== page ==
Snow Flower and the Secret Fan

Director: Wayne Wang

Starring: Gianna Jun , Bingbing Li, Wu Jiang , Hugh Jackman

A beautifully made movie set in Shanghai and based on Lisa See's 1995 novel. It tells the story of two seven-year-old girls, Snow Flower (Gianna Yun) and Lily (Bingbing Li) who on the 19th century are matched as laotong ("old sames") , and bound together for eternity. Furtively they communicate by taking turns writing in a secret language (nu shu), between the folds of a white silk fan. In a parallel story in present day Shanghai, the laotong's descendants, Nina (Bingbing Li) and Sophia (Gianna Yun), struggle to maintain the intimacy of their own childhood friendship in the face of demanding careers, complicated love lives, and a relentlessly evolving Shanghai. Just as Snowflower and Lily faced footbinding, so too Nina and Sophia contend with the constraints of modern life. Drawing on the lessons of the past, the two modern women must understand the story of their ancestral connection, hidden from them in the folds of the antique white silk fan, or risk losing one another forever. Rather slow and complicated to follow but a joy to watch.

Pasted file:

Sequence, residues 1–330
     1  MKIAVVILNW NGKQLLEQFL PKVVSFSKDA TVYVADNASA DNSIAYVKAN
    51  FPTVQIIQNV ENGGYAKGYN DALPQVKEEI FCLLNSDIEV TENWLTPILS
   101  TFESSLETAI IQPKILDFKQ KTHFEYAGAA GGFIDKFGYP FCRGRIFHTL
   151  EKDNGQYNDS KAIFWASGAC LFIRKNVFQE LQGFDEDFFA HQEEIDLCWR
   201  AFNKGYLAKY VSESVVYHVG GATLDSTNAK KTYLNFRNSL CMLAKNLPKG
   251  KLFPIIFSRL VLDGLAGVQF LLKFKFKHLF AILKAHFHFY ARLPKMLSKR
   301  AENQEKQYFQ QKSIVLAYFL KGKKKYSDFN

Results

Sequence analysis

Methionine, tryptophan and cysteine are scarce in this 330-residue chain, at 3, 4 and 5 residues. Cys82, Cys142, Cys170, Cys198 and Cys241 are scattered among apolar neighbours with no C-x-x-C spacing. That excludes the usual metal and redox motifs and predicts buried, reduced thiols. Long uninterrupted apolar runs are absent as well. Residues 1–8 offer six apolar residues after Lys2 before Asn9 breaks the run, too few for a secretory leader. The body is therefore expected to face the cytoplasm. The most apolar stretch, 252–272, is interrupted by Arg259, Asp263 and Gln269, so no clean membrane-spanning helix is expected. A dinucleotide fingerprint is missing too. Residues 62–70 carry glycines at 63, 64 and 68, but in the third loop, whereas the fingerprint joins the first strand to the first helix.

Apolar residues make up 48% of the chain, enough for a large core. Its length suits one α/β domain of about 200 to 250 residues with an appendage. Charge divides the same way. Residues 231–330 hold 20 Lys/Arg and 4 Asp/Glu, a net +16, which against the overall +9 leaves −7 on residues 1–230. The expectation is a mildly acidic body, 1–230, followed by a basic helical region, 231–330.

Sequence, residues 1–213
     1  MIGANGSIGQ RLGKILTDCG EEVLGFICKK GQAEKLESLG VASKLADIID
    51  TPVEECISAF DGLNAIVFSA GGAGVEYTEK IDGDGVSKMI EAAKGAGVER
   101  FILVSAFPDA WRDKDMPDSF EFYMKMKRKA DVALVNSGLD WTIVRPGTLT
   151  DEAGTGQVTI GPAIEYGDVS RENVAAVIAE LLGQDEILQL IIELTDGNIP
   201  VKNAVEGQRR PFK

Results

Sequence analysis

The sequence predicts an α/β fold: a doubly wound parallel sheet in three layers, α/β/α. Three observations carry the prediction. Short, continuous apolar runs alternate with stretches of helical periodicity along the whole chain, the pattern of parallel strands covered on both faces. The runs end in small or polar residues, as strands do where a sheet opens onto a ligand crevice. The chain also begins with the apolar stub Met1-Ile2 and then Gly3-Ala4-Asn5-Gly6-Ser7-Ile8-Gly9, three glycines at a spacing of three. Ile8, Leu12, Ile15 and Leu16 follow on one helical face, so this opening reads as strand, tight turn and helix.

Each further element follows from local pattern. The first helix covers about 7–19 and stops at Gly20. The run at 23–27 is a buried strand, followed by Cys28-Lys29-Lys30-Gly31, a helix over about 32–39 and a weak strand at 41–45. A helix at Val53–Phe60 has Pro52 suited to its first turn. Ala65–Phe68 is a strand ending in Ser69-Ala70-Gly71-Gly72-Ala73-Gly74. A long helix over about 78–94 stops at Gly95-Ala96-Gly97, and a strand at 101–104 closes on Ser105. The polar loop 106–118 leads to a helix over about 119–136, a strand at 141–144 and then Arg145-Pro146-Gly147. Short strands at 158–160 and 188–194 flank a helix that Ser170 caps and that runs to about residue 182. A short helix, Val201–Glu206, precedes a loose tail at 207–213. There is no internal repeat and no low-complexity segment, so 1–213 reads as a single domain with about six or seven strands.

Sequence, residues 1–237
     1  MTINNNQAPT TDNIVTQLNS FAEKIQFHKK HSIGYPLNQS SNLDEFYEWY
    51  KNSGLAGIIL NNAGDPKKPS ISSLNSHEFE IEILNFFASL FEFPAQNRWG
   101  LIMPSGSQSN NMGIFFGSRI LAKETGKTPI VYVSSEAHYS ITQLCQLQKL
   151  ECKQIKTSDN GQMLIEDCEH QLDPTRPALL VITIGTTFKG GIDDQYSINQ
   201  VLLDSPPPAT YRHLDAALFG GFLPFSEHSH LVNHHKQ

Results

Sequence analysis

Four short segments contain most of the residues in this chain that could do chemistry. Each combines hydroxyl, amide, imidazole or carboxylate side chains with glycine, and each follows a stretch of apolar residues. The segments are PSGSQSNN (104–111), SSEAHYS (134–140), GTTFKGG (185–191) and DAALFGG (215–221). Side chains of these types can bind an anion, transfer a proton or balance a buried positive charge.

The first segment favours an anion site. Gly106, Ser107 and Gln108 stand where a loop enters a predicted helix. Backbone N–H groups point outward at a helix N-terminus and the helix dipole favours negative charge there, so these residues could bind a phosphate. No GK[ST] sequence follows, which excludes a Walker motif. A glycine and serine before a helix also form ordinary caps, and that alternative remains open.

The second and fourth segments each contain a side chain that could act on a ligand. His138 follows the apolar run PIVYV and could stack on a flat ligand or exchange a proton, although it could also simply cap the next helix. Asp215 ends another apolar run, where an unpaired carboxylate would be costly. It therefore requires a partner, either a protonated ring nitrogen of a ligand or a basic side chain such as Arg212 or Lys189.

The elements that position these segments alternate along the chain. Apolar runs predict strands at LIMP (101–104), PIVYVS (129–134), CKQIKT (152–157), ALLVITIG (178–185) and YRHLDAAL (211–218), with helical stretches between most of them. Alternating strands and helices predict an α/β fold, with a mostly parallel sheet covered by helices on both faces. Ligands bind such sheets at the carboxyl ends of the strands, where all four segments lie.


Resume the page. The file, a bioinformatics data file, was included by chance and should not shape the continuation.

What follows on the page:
Tuesday, August 23, 2011

The eye of the storm

The eye of the storm
Director: Fred Schepisi
Starring: Judy Davis, Geoffrey Rush, Charlotte Rampling
Filmed adaptation of the 1973, Patrick White novel, the movie follows the last days of aging socialite Elizabeth Hunter(Charlotte Rampling) lying dying while her spoiled children; (Sir) Basil(Geoffrey Rush), playboy actor; and Dorothy (Judy Davis) the Princess de Lascabanes, pick over their inheritance. As the fading star drifts in and out of lucidity, she torments her cash-strapped offspring, handing out jewels and her prized possessions to her nurses and attentive household staff as she continues to live extravagantly. The prodigal children find their mother as difficult in her final hours as she was in good health. All of which is compounded by the familiar pretensions and vulgarities of Australian society that drove the pair from Sydney in the first place. This is an actor’s film and one that will interest fans of Australiana. Performances are very good but the movie does drag on in places.